The Patriots have made just six fifth round selections in the last 10 years. Three of those six picks were special teams players, and another was linebacker Cameron McGrone last year, who was selected with the knowledge that he wouldn’t play in 2021. In that same time, they’ve traded away 18 fifth round picks (including comp picks and picks that weren’t originally theirs), often using those trades to move down and add current and future draft capital. That’s exactly what they do here.

    This is an even swap on the trade chart. Each team is moving eight points worth of picks.

  • Round 6, Pick 200: OT Vederian Lowe, Illinois

    Purdue linebacker Kieren Douglas (43) is blocked by Illinois offensive lineman Vederian Lowe (79) during the first quarter of an NCAA college football game, Saturday, Sept. 25, 2021 at Ross-Ade Stadium in West Lafayette. (Nikos Frazier / Journal & Courier via Imagn Content Services, LLC)

    Purdue linebacker Kieren Douglas (43) is blocked by Illinois offensive lineman Vederian Lowe (79) during the first quarter of an NCAA college football game, Saturday, Sept. 25, 2021 at Ross-Ade Stadium in West Lafayette. (Nikos Frazier / Journal & Courier via Imagn Content Services, LLC)

    Lowe wasn’t on the draft radar heading into the 2021 season. However, he showed tremendous growth under first-year coach Bret Bielema, a former Patriots staffer. The Patriots regularly took players from Arkansas when Bielema was the head coach there from 2013-2017, so it’s worth watching to see if that trend will pick up again with Illinois.

    As for Lowe himself, he has the build (6-foot-5, 314 pounds) and functional athleticism to play both tackle spots for the Patriots, and some draft experts project him as a potential four-position player with the right coaching. His technique came a long way in 2021 but he still has a way to go, but he would be a good project tackle for the Patriots with the position looming as a need in 2023.

  • Round 6, Pick 210: LB Nate Landman, Colorado

    TUCSON, ARIZONA - DECEMBER 05: Linebacker Nate Landman #53 of the Colorado Buffaloes during the first half of the PAC-12 football game against the Arizona Wildcats at Arizona Stadium on December 05, 2020 in Tucson, Arizona. (Photo by Ralph Freso/Getty Images)

    TUCSON, ARIZONA – DECEMBER 05: Linebacker Nate Landman #53 of the Colorado Buffaloes during the first half of the PAC-12 football game against the Arizona Wildcats at Arizona Stadium on December 05, 2020 in Tucson, Arizona. (Photo by Ralph Freso/Getty Images)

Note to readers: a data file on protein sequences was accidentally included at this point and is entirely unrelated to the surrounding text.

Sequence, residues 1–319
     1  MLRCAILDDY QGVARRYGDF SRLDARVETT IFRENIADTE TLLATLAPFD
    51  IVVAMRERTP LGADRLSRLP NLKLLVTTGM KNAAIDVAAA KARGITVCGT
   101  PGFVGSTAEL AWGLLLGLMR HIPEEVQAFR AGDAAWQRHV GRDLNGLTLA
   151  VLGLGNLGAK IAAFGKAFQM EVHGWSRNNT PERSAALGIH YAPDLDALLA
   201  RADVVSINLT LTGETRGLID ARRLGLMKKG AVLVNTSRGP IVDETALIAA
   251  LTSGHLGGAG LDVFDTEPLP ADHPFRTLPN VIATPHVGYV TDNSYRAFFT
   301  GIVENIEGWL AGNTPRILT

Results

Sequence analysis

Landman was also a late-round pick in Mock Draft 2.0. A multi-year starter and captain at Colorado, Landman is among the more experienced linebackers in this draft and would join what is a relatively young linebacker room in New England.

    A primary run stopper, Landman can play edge to edge and isn’t afraid to throw his body around. If the Patriots are going to switch to zone, could potentially end up a three down player, with his instincts and football IQ helping him get to the right place at the right time despite average athleticism. He should be able to contribute on special teams covering kicks right away.

  • Round 7, Pick 244: RB Trestan Ebner, Baylor

    WACO, TX -NOVEMBER 27: Trestan Ebner #1 of the Baylor Bears carries the ball past Colin Schooler #17 of the Texas Tech Red Raiders in the first half at McLane Stadium on November 27, 2021 in Waco, Texas. (Photo by Ron Jenkins/Getty Images)

    WACO, TX -NOVEMBER 27: Trestan Ebner #1 of the Baylor Bears carries the ball past Colin Schooler #17 of the Texas Tech Red Raiders in the first half at McLane Stadium on November 27, 2021 in Waco, Texas. (Photo by Ron Jenkins/Getty Images)

    In the last mock, Ebner was considered as a primary UDFA. Yet here, the Patriots pick him up towards the end of the seventh round.

    With James White coming off his hip injury and no other pass-catching back on the roster, the position is a sneaky need for the Patriots. Ebner comes from a pass-heavy offense at Baylor, where he caught 127 passes and had 11 receiving touchdowns in 58 career games.

    Ebner’s speed (4.43 40) and route running ability will make him a mismatch out of the backfield against most teams. He also is big enough (5-foot-11, 206 pounds) to compete as a blocker. Ebner may not be ready for the full receiving back role right away, but he could potentially take some snaps at that spot in 2022, with the upside to become the primary player at the position in a few years.

    On top of all of that, Ebner excels as a kick returner. He’s a two-time Big 12 Special Teams Player of the Year, and has three career kickoff return touchdowns on his resume.